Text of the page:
Shortly after, Ebel, who had been steadily labouring in investigation of the structure of the language, on which he published many important papers in the Beiträge, was enabled, in 1871, to republish the Grammatica Celtica with many valuable alterations and additions; and the following year Stokes re-edited his Goedelica, with much fresh matter, including glosses from Vienna, Nancy, Berne, Leyden, together with the Old Irish hymns and glosses found in the Liber Hymnorum, as well as the Irish notes in the Book of Armagh.
The same year, Nigra published his Reliquie Celtiche, giving a detailed account of the MS. of St. Gall, its form, pagination, contents, period and place of compilation, its ogam entries, its marginal readings, its script, with four illustrative photo-lithographic pages, and a selection from the glosses themselves.
The next important step was taken in 1878 by Professor Ascoli, who, in vol. v. of the Archivio Glottologico Italiano, began the publication of the Milan Codex, under the title Il Codice Irlandese dell' Ambrosiana, of which the second fasciculus was issued in 1882. Between the two fasciculi he published the St. Gall glosses in their entirety, with catchwords from the Latin text of Priscian, which, unfortunately, are not full enough to obviate the necessity of a constant and troublesome reference to the editions of the Latin text by Putsch or Hertz.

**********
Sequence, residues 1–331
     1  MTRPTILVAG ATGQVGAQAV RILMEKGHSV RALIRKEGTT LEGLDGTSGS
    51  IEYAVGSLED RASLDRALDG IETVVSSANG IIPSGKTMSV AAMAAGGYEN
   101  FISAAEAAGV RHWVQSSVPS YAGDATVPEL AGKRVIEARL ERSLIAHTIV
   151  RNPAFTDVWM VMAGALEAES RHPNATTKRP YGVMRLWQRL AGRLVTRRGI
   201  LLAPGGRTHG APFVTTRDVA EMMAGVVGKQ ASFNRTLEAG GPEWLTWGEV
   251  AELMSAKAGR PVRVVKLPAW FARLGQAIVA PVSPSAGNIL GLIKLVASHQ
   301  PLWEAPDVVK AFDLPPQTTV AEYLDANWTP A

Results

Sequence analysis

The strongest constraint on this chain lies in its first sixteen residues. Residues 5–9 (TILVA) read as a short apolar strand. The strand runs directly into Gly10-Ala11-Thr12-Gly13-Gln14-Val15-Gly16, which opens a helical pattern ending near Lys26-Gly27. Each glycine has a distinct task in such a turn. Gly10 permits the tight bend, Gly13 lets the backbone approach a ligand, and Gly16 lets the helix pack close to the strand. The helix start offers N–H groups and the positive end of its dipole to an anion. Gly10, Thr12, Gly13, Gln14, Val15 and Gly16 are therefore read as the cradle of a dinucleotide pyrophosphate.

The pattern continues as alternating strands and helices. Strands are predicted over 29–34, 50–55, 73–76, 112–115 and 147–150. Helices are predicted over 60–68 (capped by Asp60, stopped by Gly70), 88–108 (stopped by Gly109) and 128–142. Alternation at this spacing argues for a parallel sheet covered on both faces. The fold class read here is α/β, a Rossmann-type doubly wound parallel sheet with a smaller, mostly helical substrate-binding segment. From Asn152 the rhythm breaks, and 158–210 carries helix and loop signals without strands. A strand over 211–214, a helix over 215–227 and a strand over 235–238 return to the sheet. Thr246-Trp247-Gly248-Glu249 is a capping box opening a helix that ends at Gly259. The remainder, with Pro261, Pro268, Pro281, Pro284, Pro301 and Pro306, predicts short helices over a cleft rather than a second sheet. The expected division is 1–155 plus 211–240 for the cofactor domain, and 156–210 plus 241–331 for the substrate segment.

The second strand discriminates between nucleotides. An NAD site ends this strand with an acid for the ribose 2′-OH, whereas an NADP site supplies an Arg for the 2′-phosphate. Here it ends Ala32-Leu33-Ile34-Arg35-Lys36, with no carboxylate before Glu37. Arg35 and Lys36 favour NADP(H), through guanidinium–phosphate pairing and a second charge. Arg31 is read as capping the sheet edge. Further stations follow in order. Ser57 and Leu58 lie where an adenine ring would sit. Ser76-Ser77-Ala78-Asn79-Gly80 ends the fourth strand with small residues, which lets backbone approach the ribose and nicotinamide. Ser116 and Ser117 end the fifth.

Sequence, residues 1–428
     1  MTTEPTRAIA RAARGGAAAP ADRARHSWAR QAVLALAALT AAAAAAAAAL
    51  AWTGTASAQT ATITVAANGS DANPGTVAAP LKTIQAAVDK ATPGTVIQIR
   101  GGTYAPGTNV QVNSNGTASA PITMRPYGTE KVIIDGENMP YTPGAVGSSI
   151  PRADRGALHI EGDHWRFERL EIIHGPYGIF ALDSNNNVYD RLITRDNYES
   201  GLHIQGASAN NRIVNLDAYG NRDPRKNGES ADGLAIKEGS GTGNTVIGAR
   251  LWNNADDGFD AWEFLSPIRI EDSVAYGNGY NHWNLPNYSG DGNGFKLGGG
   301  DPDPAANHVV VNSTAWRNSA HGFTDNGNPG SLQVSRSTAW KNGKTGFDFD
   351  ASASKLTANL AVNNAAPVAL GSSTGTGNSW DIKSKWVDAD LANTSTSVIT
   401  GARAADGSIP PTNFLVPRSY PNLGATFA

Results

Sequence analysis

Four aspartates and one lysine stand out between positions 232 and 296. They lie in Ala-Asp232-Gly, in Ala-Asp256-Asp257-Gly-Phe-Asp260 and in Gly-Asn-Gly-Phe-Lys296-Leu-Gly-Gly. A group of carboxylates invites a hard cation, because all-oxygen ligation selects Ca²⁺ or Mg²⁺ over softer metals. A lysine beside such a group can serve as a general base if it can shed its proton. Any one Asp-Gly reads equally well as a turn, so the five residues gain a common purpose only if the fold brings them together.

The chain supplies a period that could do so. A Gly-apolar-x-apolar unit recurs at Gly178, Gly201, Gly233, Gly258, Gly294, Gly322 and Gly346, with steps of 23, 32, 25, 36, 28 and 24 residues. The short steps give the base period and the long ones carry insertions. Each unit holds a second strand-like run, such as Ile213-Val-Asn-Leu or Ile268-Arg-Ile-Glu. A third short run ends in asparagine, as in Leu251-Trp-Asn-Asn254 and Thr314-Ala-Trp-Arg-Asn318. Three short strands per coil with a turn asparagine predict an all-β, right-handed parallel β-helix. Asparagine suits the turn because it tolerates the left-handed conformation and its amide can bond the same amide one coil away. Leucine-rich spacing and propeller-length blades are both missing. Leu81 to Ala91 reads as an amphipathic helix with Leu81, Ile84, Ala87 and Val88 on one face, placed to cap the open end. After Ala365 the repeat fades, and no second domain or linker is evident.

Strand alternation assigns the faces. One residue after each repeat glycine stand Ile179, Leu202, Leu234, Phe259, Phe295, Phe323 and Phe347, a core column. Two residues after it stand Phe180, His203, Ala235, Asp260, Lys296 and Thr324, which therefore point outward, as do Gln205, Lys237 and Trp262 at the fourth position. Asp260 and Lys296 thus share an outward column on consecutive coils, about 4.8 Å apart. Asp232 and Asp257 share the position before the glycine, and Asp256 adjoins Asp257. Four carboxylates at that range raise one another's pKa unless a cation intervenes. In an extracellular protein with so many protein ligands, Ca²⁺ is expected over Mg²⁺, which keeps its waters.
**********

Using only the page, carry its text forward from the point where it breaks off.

But now, in 1881, a most valuable addition was made to our means of study by the publication of Güterbock and Thurneysen's Indices Glossarum et Vocabulorum Hibernicorum quae in Gr. Celt, explanantur. This excellent piece of work enabled everybody to see at once whether any word was discussed in the Gr. Celt., and, at the same time, brought together the whole of the texts (so far as they are quoted in the Gr. Celt.) of the St. Gall, Turin, and Würzburg Codices, and of the Milan Codex as much as was then attainable; with singularly accurate reference to the place of occurrence of each word in the Gr. Celt., and a suitable classification of the different forms. This work furnished at once a convenient text-book and glossary of the Old Irish material, and freed the student from the enormous labour which had up to this time devolved upon the beginner, of making for himself some provisional index to Zeuss.In the same year, a further step was taken by Professor Zimmer in the publication of his Glossae Hibernicae, a revised edition of all the